This article was first published in the November issue of the CIBSE Natural Ventilation Group Newsletter.
Using the new CIBSE design summer years to assess overheating in London
Across the UK construction industry, the standard weather data used for assessing thermal comfort is normally obtained from the Chartered Institute of Building Services Engineers (CIBSE). CIBSE provide two types of weather file, known as the Test Reference Year (TRY) and the Design Summer Year (DSY), with an accompanying range of data formats and geographical locations for each.
So… What is a TRY, what is a DSY, and which one should I use?
To facilitate the creation of characteristic weather files, CIBSE assembled 20 years of real weather data (between 1983-2005) for 14 locations around the UK. These files include information about the air temperature, wind velocity and solar radiation.
The following definitions are adapted from the descriptions given on CIBSE’s website.
The Test Reference Year consists of hourly data for twelve typical (although not necessarily consecutive) months. This data was selected from the 20-year data sets, and then smoothed to provide a composite, but continuous, 1-year sequence of data.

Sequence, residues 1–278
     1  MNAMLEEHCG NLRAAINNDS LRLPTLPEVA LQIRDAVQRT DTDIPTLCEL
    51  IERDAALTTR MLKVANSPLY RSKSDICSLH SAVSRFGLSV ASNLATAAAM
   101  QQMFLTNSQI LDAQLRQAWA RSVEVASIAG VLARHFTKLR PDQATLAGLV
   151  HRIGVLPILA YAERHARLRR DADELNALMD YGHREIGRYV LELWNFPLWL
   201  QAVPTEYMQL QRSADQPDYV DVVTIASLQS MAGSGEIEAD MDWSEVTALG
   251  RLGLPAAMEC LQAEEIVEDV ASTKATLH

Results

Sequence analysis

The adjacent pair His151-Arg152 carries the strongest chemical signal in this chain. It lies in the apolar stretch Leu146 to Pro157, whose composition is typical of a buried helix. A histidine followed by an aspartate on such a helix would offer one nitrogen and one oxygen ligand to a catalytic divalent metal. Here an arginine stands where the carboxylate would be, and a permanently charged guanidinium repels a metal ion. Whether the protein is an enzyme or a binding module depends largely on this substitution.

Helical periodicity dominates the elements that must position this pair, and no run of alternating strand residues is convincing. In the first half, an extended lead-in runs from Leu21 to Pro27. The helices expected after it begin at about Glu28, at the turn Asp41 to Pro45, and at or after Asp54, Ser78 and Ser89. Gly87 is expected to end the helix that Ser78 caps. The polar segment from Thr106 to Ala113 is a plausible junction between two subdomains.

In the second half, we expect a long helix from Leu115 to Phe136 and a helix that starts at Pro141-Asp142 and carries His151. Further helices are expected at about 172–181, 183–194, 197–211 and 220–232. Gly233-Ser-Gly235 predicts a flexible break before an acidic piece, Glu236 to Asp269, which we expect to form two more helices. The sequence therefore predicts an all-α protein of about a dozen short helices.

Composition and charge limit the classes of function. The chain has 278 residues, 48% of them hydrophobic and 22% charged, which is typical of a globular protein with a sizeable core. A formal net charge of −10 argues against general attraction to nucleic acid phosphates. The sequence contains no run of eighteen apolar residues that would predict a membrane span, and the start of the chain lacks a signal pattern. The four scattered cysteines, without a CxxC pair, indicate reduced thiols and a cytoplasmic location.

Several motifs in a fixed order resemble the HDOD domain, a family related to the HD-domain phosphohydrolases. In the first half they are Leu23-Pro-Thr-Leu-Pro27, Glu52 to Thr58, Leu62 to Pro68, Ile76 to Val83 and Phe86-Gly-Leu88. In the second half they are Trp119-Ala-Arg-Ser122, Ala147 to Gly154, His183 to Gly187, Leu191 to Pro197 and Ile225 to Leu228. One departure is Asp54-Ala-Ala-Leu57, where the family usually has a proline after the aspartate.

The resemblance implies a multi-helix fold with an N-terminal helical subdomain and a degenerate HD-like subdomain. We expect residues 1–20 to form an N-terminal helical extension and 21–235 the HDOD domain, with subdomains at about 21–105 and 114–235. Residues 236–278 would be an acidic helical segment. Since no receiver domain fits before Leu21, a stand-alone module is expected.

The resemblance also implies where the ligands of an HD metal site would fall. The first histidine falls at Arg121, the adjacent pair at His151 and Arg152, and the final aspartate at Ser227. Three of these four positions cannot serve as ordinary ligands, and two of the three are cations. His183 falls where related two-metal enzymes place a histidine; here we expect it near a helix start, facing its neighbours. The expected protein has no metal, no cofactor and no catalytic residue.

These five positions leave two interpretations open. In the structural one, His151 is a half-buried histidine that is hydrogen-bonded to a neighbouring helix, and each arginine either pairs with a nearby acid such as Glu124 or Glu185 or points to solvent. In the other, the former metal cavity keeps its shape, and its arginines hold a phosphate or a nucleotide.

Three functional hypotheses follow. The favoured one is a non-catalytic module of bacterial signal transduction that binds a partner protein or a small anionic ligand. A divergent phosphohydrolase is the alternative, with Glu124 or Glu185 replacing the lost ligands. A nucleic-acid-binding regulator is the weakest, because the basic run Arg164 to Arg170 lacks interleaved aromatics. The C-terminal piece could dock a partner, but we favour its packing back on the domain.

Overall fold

The TRY weather files are intended to enable the likely energy consumption of buildings to be assessed by simulation under typical weather conditions.
The Design Summer Year is an actual continuous twelve month sequence of hourly data, from the 20-year data sets. It represents a median year with a reasonably warm summer. The year selected is the mid-year of the upper quartile, based on dry bulb temperatures during Apr-Sept.
The DSY enables designers to simulate the expected building performance during a year with ahot, but not extreme, summer.
In London, the middle year of the upper quartile was 1989; hence, the London DSY weather file is the actual weather recorded in London in 1989. In other UK locations, a different year is selected; for example, in Norwich the DSY year is 2004, in Cardiff it is 1999 and in Glasgow it is 1997.
TM49 and the London conundrum
Previously, DSY weather files were available for 14 locations around the UK; all of Greater London, including central London and much of Sussex & Essex, being characterised by the London (Heathrow) data.
In 2014, however, CIBSE published technical memorandum TM49: Design Summer Years for London. TM49 addressed three key questions: